There was, ‘This stall is going to be here, and this stall is going to be there, and this allows Felix the deer to go from this point to this point,’ and then a new gag would get introduced. Well, then it would be, ‘Nope, now that doesn’t work, that’s all crumbled. Now we need to figure out which stall’s going to go there and there.’
It was a tricky process to get to the point where the set designers could get stuck in then and actually design the location of everything, because once you get to that point, it gets harder and harder to change these things on the fly. Having said that, I remember when we got to the shoot, we did change the location of quite a few of the stalls. I think the lavender stall didn’t quite work once we got on set for a new gag that Will Gluck wanted to try, and it was everybody carrying market stalls around and fitting things into position so that it all worked. I think you plan as well as you can, but you have to be ready to improvise and just make the shots work when you’re actually on set.
Will Reichelt: I remember Matt and I went out to do a big photogrammetry pass on the Parramatta [a suburb in Sydney] set—it was a carpark surrounded by college buildings that we ended up building the set on—so that we could map it all out and start putting all the stalls in and figure out, based on what the story team had already roughed out, whether that would actually work logistically with everything.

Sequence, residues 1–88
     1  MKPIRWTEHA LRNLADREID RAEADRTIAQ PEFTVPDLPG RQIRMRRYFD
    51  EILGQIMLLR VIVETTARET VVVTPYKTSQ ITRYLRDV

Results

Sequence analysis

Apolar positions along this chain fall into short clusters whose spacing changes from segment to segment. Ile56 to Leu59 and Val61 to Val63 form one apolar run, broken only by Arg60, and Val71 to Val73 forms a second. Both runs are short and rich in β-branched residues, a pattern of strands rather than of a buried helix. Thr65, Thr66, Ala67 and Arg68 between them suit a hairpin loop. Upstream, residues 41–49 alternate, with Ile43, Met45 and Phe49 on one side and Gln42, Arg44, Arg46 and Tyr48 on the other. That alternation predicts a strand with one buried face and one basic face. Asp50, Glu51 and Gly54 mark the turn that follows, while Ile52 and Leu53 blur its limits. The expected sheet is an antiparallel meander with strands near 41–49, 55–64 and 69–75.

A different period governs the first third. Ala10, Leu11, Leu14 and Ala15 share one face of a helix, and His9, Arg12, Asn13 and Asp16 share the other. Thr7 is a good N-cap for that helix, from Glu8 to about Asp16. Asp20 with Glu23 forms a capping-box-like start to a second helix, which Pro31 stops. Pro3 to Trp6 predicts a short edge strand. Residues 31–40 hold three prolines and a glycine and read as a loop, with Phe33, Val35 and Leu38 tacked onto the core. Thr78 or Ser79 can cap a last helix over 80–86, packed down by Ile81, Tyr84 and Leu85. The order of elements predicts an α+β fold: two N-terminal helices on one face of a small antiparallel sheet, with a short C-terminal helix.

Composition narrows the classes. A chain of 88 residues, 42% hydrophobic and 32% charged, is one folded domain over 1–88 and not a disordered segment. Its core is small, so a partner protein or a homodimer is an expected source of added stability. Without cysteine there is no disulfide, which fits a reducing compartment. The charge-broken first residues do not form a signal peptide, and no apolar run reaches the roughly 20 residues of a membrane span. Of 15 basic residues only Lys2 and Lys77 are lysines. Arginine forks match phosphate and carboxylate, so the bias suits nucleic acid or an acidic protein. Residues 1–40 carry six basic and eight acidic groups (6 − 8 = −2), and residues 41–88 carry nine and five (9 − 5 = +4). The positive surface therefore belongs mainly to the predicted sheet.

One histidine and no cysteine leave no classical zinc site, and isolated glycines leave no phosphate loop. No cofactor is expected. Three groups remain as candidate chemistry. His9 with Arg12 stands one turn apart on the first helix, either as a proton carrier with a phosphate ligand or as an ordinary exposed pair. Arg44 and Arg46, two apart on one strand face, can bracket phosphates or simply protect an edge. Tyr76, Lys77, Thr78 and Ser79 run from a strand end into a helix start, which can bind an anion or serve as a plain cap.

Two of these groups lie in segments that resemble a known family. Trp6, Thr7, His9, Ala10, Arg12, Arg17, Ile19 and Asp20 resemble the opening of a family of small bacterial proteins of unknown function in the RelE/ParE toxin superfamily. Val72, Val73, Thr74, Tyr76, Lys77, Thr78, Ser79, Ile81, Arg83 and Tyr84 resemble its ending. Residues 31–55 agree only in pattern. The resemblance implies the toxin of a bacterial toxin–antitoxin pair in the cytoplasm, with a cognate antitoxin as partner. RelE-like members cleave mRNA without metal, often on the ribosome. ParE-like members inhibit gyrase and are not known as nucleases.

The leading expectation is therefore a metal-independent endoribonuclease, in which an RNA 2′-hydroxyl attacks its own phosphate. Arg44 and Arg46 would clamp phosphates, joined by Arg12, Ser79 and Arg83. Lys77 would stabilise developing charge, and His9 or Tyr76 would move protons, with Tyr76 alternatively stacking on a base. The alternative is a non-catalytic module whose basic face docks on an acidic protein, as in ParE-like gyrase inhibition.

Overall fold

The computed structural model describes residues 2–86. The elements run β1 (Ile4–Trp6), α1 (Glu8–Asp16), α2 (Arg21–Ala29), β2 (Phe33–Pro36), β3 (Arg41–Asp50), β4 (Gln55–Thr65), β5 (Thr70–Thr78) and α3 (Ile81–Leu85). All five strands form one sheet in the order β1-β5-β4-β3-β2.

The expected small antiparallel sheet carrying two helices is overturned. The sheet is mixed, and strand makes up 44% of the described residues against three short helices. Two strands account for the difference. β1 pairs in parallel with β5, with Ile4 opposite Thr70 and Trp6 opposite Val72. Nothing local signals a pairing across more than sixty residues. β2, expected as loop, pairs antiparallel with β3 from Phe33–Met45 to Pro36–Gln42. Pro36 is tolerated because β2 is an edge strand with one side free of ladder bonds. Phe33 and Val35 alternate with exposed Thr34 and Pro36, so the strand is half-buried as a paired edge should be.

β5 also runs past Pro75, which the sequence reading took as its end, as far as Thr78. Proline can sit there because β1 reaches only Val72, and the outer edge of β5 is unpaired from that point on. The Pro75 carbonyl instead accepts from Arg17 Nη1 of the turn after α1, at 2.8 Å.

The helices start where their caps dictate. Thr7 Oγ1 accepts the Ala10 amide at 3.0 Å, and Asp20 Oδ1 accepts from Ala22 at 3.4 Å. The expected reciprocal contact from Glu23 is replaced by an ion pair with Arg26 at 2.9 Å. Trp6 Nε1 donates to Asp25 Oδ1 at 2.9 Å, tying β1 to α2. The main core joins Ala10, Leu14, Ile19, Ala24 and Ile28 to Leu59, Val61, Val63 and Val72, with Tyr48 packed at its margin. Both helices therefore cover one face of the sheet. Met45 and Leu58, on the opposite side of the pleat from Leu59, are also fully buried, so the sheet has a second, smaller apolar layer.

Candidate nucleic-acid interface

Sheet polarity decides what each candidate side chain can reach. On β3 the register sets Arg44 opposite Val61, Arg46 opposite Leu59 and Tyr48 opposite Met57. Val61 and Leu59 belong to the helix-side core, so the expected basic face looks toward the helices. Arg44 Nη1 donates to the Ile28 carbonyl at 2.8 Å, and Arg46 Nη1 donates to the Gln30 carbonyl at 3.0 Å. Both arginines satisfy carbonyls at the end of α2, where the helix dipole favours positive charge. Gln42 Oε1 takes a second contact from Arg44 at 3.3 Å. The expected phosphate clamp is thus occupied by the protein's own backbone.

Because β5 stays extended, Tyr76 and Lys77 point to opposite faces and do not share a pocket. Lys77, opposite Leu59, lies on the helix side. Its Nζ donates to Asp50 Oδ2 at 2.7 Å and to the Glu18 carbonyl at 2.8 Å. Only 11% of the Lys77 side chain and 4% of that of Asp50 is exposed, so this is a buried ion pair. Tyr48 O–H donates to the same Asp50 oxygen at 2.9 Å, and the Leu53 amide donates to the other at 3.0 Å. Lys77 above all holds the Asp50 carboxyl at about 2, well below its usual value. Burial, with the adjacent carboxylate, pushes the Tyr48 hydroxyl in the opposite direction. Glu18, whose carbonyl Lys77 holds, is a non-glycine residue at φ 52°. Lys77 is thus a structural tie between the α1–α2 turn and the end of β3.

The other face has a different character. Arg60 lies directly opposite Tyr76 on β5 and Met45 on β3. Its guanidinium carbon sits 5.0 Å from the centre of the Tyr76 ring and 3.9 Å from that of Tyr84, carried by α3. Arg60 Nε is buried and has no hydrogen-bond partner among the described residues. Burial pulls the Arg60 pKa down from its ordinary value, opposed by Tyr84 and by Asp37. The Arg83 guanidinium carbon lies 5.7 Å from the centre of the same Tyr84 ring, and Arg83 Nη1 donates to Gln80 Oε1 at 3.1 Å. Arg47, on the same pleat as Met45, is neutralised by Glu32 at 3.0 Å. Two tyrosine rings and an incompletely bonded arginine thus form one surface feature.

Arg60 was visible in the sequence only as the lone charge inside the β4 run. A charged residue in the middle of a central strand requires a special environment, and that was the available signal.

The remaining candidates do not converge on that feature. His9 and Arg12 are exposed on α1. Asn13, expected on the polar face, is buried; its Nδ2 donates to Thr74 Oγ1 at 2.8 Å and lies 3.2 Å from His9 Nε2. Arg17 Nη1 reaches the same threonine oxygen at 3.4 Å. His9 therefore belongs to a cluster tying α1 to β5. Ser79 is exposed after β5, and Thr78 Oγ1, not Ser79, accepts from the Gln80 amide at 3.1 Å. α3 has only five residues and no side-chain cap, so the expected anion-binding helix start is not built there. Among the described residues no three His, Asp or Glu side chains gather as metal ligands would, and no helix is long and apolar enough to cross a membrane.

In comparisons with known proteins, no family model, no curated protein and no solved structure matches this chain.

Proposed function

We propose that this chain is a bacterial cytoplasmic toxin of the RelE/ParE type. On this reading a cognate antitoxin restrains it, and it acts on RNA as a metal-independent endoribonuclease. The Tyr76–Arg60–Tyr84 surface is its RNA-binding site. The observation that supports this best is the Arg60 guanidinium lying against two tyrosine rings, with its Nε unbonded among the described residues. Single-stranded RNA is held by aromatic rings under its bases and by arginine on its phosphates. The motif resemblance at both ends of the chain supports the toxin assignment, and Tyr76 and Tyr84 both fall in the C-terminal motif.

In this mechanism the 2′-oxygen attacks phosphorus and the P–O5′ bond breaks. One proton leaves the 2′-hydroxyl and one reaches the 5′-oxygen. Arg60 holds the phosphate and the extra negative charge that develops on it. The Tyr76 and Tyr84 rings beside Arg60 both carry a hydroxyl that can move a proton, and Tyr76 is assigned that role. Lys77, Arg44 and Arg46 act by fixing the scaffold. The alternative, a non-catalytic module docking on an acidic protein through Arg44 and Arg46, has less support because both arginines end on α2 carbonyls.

Matt Middleton: There was also the initial intention to previs all that out, but because of the complexity and also just the way that Will Gluck likes to be dynamic, it ended up more of just a top-down plan, rather than trying to lock down specific shots. We blocked out the movement of the characters as they made their way towards the cheese, and Felix’s path towards the tailor’s truck. This went through quite a few iterations, and then a few more adjustments when filming.
The photogrammetry was originally going to be used for previs but it was mostly used for top-down planning and storyboarding. In the end we had a LIDAR scan essentially for the whole lot. We got scans of everything—people, props and the environment, which made our life a lot easier having the accurate spatial data.
Will Reichelt: We had Clear Angle on set with us, and they had a scanning booth set up at the set so that we would just run extras out through the scanning booth. We would’ve scanned dozens of people to potentially use as extras or in the background of shots. Method Studios did end up putting some digital doubles out in the set extension area, such as people in cars and walking by in the background.
What to watch out for on set